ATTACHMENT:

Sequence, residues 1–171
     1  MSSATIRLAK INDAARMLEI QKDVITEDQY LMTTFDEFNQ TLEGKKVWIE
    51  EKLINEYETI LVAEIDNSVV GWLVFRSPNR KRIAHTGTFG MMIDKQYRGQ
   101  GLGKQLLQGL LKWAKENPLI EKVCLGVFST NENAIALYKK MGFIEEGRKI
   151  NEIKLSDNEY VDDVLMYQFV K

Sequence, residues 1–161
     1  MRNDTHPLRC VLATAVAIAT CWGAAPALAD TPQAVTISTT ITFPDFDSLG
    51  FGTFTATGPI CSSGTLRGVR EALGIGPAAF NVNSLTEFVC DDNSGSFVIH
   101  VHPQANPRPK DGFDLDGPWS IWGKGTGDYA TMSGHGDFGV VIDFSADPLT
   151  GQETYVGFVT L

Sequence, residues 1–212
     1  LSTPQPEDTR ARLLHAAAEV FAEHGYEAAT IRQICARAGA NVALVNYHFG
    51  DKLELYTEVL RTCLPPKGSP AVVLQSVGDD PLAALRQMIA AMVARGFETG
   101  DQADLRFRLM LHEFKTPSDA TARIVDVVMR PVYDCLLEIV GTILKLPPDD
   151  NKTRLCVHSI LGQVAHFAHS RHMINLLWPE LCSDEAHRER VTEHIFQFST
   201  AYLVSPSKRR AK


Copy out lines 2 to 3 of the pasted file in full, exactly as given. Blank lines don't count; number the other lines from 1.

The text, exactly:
     1  MSSATIRLAK INDAARMLEI QKDVITEDQY LMTTFDEFNQ TLEGKKVWIE
    51  EKLINEYETI LVAEIDNSVV GWLVFRSPNR KRIAHTGTFG MMIDKQYRGQ